The leader of the team that visited Japan, Director Christophe Xerri of the IAEA’s Division of Nuclear Fuel Cycle and Waste Technology, delivered a review report to State Minister Kiyoshi Ejima of Japan’s Ministry of Economy, Trade and Industry (METI). The report includes important acknowledgments of progress in 26 areas.

The IAEA’s review mission was its fifth to Japan, the previous one having taken place in November 2018. This time, as part of precautions against COVID-19, only team leader Xerri and one other person actually visited the Fukushima Daiichi site on August 23 and 24 for on-site investigations. Prior to that, from the end of June to early August, the full team held online conferences with Japanese parties twice weekly.

Separately, IAEA senior officials will visit Japan in September  for a professional review of the safety of water treatment by the Advanced Liquid Processing System (ALPS).

In an online press briefing at the Foreign Press Center on August 27, team leader Xerri welcomed—as an acknowledgement of progress—the earlier announcement by the Japanese government in April of its basic policy on handling the treated water, saying that it “would facilitate the entire decommissioning plan.”

In addition to the report’s acknowledgment of various instances of progress since the 2018 mission, including the emptying of the spent fuel pool at Unit 3—completed in February 2021—and the reduction of volumes of contaminated water from some 170 mˆ3/day in FY18 to around 140 mˆ3/day in FY20, Xerri praised the organization and project management of the Fukushima Daiichi Decontamination & Decommissioning Engineering Company. The company, he said, had shown a detailed plan and was exhibiting strong leadership on safety.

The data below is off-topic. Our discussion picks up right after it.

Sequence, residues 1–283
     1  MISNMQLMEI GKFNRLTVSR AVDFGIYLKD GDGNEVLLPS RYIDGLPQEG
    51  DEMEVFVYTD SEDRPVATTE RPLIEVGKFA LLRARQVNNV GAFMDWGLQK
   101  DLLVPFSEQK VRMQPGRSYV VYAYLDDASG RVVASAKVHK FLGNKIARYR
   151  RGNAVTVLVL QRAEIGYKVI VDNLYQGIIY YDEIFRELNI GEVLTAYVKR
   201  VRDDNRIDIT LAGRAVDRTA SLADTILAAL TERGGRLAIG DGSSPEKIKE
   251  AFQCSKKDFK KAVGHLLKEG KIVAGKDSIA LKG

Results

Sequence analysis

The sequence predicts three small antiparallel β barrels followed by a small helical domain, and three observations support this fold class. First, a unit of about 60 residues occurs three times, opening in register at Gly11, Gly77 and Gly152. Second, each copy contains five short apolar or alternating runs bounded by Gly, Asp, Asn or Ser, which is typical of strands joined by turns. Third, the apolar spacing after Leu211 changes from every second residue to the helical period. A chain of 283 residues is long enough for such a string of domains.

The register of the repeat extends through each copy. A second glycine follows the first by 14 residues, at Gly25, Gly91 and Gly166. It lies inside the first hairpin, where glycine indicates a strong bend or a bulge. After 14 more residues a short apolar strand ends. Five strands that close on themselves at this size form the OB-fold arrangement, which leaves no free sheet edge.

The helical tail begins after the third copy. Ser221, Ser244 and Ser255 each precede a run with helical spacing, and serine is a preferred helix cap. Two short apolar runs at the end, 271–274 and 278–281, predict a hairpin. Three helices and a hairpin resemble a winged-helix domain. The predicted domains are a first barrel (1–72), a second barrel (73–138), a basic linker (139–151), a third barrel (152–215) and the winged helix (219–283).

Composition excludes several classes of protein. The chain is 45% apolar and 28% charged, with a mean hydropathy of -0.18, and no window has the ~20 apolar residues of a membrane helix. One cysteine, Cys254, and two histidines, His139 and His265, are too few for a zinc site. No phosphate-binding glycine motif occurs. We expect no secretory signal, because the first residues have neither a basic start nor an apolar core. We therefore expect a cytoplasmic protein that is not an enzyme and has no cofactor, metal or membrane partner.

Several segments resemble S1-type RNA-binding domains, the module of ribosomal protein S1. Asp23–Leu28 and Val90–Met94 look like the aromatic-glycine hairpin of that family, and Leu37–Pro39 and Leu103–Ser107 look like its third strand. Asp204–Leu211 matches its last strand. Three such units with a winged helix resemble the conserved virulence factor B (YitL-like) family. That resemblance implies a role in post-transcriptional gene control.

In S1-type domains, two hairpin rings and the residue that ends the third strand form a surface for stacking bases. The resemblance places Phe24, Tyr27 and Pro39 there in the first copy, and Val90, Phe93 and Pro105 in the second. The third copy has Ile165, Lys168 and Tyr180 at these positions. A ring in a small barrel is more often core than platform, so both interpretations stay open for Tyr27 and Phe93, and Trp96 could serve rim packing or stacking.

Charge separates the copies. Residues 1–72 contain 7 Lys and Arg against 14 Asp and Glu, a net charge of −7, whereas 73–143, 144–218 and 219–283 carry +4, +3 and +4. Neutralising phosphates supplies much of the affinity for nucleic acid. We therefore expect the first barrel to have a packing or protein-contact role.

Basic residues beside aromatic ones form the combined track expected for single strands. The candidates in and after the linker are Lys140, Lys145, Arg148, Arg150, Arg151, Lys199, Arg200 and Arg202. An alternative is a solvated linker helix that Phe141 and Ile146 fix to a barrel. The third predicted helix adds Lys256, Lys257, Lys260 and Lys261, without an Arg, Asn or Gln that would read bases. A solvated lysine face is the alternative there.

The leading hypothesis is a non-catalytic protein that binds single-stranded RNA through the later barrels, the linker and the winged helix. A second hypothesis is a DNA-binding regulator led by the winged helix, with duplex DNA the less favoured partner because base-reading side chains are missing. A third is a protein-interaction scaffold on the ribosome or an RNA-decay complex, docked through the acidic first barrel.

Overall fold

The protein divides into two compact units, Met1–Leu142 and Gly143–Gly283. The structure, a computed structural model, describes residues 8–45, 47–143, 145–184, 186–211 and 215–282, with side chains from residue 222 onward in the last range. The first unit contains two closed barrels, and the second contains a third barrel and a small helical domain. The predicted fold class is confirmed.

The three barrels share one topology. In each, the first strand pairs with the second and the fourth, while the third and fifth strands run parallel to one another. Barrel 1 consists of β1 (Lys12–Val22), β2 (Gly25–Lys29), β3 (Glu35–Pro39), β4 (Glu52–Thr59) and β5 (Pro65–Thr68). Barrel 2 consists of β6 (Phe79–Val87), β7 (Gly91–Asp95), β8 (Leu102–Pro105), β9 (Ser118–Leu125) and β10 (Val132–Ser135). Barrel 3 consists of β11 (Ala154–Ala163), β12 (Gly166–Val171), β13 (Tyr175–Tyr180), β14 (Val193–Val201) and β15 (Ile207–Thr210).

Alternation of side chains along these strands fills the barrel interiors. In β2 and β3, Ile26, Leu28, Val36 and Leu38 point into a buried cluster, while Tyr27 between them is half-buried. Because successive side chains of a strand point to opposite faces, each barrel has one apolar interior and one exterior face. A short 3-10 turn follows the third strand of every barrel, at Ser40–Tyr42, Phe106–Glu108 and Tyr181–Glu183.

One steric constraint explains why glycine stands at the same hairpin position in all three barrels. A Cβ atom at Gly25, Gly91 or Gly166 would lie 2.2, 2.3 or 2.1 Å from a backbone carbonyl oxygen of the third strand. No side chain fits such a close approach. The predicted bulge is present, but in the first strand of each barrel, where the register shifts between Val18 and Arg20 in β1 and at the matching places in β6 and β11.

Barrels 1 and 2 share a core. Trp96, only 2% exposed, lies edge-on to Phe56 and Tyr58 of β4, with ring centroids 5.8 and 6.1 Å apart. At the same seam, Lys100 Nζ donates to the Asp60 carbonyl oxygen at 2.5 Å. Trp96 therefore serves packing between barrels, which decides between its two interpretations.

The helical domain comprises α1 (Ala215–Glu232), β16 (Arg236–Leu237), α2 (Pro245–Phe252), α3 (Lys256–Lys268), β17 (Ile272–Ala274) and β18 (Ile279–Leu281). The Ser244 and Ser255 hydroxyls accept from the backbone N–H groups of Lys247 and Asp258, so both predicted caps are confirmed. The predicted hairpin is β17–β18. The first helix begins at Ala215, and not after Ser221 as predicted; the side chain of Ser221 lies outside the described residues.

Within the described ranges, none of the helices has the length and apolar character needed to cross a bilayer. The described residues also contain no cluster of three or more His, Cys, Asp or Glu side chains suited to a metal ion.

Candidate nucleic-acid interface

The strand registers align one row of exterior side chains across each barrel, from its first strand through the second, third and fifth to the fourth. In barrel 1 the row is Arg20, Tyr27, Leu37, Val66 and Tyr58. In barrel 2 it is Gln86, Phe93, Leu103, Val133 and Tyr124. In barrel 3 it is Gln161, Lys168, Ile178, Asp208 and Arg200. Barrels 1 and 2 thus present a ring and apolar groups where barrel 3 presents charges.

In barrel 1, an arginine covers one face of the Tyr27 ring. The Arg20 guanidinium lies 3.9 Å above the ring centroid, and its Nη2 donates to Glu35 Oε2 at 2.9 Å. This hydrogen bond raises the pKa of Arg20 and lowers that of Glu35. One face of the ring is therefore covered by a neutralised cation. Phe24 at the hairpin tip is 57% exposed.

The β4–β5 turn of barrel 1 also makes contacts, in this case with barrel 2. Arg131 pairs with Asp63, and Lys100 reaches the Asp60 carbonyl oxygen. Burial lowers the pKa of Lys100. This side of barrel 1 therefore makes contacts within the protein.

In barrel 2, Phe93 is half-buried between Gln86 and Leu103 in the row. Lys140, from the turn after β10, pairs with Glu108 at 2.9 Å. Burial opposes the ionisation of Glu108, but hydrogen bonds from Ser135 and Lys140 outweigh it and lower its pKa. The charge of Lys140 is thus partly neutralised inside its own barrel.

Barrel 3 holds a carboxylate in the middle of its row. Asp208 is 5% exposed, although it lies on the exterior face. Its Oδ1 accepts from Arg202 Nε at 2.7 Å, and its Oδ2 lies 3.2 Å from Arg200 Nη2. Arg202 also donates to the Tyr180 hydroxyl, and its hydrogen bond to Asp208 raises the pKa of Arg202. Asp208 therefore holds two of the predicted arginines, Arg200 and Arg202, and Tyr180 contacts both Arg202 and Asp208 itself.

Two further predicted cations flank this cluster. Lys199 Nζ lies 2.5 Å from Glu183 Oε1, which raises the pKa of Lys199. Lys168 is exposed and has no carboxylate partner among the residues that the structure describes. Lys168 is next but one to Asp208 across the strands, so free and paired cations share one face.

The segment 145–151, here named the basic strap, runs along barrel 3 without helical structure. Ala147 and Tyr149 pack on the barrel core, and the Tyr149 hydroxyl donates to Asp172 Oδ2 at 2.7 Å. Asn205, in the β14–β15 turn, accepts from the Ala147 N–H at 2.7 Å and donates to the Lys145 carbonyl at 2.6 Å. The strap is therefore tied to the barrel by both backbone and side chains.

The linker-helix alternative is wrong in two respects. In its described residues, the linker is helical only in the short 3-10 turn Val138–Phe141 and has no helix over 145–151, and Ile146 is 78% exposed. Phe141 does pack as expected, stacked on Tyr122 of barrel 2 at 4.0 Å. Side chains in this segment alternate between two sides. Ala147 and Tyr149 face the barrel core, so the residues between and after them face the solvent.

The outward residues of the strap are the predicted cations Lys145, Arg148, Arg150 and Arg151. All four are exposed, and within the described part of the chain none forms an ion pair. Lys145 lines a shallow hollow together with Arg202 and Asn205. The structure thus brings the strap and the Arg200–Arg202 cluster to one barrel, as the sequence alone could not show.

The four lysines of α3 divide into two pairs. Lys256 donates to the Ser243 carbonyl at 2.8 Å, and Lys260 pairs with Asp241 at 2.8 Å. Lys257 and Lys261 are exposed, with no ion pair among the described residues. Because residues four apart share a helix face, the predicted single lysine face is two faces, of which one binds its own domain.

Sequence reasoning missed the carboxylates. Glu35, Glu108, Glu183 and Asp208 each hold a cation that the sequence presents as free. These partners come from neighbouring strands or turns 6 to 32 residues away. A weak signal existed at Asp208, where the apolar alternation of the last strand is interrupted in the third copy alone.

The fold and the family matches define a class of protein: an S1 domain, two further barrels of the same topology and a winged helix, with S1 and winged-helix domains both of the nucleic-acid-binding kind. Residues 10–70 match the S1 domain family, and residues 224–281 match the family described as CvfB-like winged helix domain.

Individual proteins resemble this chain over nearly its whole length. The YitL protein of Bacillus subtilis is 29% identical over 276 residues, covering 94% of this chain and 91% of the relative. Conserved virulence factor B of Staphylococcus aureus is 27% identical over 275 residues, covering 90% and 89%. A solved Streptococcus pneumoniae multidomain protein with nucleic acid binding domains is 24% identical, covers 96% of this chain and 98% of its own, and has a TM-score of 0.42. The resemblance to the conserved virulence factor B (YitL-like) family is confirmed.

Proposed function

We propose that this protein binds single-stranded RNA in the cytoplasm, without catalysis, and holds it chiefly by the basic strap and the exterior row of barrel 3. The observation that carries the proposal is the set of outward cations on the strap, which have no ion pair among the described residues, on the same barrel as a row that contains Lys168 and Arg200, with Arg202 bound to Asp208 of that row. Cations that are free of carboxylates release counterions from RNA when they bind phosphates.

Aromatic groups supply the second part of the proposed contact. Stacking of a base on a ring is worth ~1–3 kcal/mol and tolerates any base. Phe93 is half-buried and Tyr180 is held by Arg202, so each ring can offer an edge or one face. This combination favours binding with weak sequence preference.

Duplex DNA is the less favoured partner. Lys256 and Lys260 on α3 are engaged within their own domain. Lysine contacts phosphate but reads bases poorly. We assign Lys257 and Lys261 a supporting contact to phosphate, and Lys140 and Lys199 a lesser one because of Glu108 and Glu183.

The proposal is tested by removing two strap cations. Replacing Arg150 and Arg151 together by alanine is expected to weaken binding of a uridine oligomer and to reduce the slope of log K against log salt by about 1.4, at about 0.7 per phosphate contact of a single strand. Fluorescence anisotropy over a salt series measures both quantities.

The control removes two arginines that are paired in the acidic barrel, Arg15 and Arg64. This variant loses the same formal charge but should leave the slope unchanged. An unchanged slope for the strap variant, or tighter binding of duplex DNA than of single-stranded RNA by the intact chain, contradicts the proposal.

The IAEA team leader also spoke positively about the utilization of local industries, such as the dismantling of the exhaust stack for Units 1 and 2, completed in April 2020. That, he said, would contribute to creating local employment and economic revitalization.

Regarding the test removal of fuel debris—the first planned at Unit 2 for next year—IAEA’s Xerri said that the nature of the debris “must be understood comprehensively.” He emphasized the significance of sampling investigations using the one-of-a-kind robotic arm delivered from England to Japan in July. He also noted the future need for R&D in the areas of waste management and final disposal.